Palestinians issue then disavow new list of conditions on Israel, deepening concerns over leadership indecision

Palestinian officials on Thursday reportedly presented a new list of demands that the Israelis would have to meet lest the Palestinians abandon peace talks, as Jerusalem reacted to Tuesday's diplomatic gambit by Palestinian Authority (PA) President Mahmoud Abbas - in which Abbas committed to joining 15 international treaties in violation of commitments designed to promote a nine-month peace push by Secretary of State John Kerry - by canceling a planned fourth prisoner release. Israeli Justice Minister and chief negotiator Tzipi Livni, who has pushed heavily for the Jewish state to make concessions and was a key figure in laying the groundwork for Kerry's initiative, emphasized that prisoner releases had always been linked to progress in negotiations, and that "new conditions were established" by Abbas's move. Reports of the Palestinians' new demands, moreover, were assessed by Israeli outlet Yediot Aharonot as indicating an even further "hardening of positions." The list included requirements that the Jewish state cede East Jerusalem, lift restrictions on the Hamas-controlled Gaza Strip, end anti-terror operations in parts of the West Bank, and release 1,200 prisoners. The conditions - some of which could most generously be described as non-starters, and which contributed to perceptions of Palestinian intransigence - were quickly disavowed by chief Palestinian negotiator Saeb Erekat, who publicly insisted that the demands were not coming from him or his staff. The incident, which was widely reported by Palestinian media outlets, came alongside other signals of potential indecision among the Palestinian leadership. The Associated Press had noted that Abbas's initial press conference on Tuesday appeared to have been "hastily convened." The Palestinian leader's speech at that press conference insisted that the Palestinians were seeking to cooperate with the United States, even as he announced steps that risked crippling Kerry's initiative, and that they were still interested in negotiating with Israel, despite actions that violated core commitments to avoid unilateralism stretching back to the Oslo Accords.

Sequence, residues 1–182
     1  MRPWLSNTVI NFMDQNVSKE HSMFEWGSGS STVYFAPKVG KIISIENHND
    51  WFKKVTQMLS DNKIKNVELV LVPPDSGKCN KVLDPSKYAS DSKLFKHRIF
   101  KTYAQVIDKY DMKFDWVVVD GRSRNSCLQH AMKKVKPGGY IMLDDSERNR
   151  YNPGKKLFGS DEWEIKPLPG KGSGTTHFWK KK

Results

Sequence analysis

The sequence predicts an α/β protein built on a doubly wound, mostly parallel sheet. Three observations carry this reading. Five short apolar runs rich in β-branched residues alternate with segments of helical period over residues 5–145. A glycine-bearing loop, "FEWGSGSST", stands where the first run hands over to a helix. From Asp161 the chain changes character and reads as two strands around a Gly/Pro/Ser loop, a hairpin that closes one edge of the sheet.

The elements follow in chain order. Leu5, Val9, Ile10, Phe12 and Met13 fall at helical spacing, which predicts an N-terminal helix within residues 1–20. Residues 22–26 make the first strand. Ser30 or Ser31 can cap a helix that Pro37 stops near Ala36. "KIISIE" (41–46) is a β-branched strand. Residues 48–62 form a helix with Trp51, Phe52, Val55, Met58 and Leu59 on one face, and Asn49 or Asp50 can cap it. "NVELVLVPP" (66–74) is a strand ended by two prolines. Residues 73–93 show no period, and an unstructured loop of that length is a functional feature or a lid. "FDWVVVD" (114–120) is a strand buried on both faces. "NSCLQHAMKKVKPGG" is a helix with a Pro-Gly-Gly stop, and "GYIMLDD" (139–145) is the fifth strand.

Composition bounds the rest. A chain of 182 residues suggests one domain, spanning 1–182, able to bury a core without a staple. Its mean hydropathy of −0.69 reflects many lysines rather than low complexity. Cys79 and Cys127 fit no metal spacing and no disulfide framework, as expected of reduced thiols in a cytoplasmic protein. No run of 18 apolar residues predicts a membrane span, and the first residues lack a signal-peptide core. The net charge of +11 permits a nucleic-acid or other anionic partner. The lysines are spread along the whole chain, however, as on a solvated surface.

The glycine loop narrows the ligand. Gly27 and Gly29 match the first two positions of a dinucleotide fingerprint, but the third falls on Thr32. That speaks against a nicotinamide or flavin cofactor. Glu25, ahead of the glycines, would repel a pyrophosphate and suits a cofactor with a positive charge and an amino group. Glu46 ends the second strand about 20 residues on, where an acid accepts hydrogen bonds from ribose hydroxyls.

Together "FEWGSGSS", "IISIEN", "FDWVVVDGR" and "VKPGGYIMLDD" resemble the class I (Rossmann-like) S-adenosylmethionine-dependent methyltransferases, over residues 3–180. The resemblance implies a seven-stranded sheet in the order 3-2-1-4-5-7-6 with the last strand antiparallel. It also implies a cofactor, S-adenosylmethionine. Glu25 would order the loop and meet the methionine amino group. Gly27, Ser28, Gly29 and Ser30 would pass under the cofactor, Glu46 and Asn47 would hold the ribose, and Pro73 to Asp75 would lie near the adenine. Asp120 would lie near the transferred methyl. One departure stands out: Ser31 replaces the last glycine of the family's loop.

The daily Iran news bulletin published by the American Enterprise Institute (AEI) yesterday conveyed Persian-language remarks from a top Iranian official declaring that the Hassan Rouhani government was committed to leveraging the private sector in order to stabilize and then boost Iran's economy, a day after Rouhani himself gestured toward the same theme in comments about the country's Free Trade Zone. First Vice President Eshagh Jahangiri was quoted as saying that Rouhani and his cabinet had accepted that they would have to "rely on the private sector" in order to address its economic problems. The statements come amid news reports indicating that Western companies are seeking to enter Iran's reopened markets in the aftermath of sanctions relief provided by the interim Joint Plan of Action (JPA). Last week Forbes published analysis from Emanuele Ottolenghi and Benjamin Weinthal - respectively a senior fellow and a research fellow at the Foundation for Defense of Democracies - outlining extensive and growing business ties between Iran and Swiss companies. The Wall Street Journal had for its part described Western firms, including Michelin and Schlumberger, as "walk[ing] a fine line" in their eagerness to respond to aggressive courtship by the Islamic republic. The Financial Times had already in February described French, German, and Dutch delegations scrambling to "seize opportunities" in Iran. At stake are assurances made by the Obama administration to lawmakers and the public insisting that the international sanctions regime was holding despite the JPA's erosion of some sanctions, and that new congressional legislation to provide Western negotiators with more leverage was unnecessary. Speaking yesterday at a Senate hearing, Treasury Under Secretary David Cohen declared that he was unaware of any firms "anywhere" – not in "Europe, the Gulf, [or] Asia" - that were "trying to take advantage... [of] the quite limited suspension of the sanctions to get into the Iranian market." Danielle Pletka, vice president for foreign and defense policy studies at AEI, described the claim as "bulls**t" [sic].